According to a study done in 2018 by the Department of Defence over 20 percent of Active Duty members (enlisted and officer) are in dual-military marriages, meaning an active duty member is married to another active duty or reserve Airman. In some ways, dual military life can be compared to a normal working couple’s relationship, however in many others comes its own unique set of opportunities and challenges.
We don’t get it right all the time, but we choose to focus on open communication, gentleness, and intentionality.
Lt Col’s Jacob and Amy Justus, USAF are an example of a couple with many years of experience as a dual military couple. They met in Squadron Officer school after being on active duty for roughly 5 years. Early on they both realized that their faith would be the foundation that would sustain them through their careers and their marriage. Being a dual military couple is no easy feat, however additionally, being a household of two commanders offers additional stressors.
“Honoring Headship according to Ephesians 5 as the Lord designed is important to our family. We maintain consistency in Church attendance, place God first financially, and ensure that the level of submission to Him is paramount on both sides. It may sound extreme, but keeping Christ at the center of our lives makes the difference. The love we have for Him brings so much security into our marriage. We try to assume noble intent in the actions of the other because we know our love and commitment to Christ and His teachings are real and tangible in our lives. We don’t get it right all the time, but we choose to focus on open communication, gentleness, and intentionality. This has made the most impact in our marriage. We also love serving together. This helps us grow as a couple and as a family.”
Military Marriage and Special Needs Children
“Life can be hectic with a 3,5, and 7 year old, however finding things the boys can help with at church is important to show them they can be the hands and feet of Jesus at any age. We are intentional in reading the bible to them and being honest when we make mistakes. We believe it is important that they see that we not only own our mistakes, but also correct them.”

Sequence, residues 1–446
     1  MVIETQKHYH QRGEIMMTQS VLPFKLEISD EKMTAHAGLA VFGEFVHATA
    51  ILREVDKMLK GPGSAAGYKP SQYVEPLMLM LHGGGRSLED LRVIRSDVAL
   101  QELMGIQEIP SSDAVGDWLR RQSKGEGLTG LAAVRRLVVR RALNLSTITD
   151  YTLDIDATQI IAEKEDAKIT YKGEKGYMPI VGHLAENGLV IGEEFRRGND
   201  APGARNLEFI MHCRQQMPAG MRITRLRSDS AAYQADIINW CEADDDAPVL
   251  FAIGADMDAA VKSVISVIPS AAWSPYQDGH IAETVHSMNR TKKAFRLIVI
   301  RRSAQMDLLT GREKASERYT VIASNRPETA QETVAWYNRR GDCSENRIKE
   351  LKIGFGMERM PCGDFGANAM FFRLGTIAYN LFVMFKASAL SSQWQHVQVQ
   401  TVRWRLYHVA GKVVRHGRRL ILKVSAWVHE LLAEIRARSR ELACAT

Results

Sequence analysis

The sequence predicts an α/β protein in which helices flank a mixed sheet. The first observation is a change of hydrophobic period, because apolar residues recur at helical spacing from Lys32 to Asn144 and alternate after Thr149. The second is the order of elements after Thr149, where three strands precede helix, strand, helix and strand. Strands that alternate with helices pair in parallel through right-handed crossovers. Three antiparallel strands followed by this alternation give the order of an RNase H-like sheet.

“Navigating command on both sides has its stressors, however is extremely rewarding. Our advice to other Mil couples is to look at what your career fields expect of you and determine what it is you want out of both your careers. Define what you want for your family, (whether you desire to have children or not) and with the help of leadership formulate a realistic plan. Once you have that, communicate that plan up your chains of command and with your functional career field managers. We have found that in doing that, it has afforded us the opportunity to be able to remain together in many duty assignments rather than apart. This is not a foolproof plan, however being proactive in communication with leadership is always a better option than trying to play defense.”
“We did our best to keep our plan realistic and flexible which both of our career fields were eager to support to keep us both progressing. Amy ended up choosing to do back to back command tours, which has been stressful, but has kept our family together.”
“We have had our fair share of separation as well to include Jake’s deployment while I was pregnant. Was the day to day rough, absolutely, but you can choose to focus on the negative or the positive. Getting through those “make it or break it” seasons, strengthened the confidence in our love and commitment to one another and showed us how much our presence meant to one another.”
“Our biggest support in those times as well as through our time in the military comes from the friendships we have made from our local church community. One of the biggest pieces of advice we give to other couples is do not forsake your military and church community. After each PCS we waste no time diving into church life as well as serving. We join life groups or small groups, bible studies, and find ways to participate in our military and church community activities. These communities have been the anchor through the storms we have gone through and we cannot stress the importance of this as a part of your life, marriage and family.”
“We want others to know, we are not perfect, we mess up and ask for forgiveness. Sometimes it is hard to say sorry, but we know it is vital to our relationship. One rule in command is to never ask something of someone that we would not do ourselves. We keep that rule in our marriage. We do our best to love and respect as Christ has taught us and try to lead others by His example.”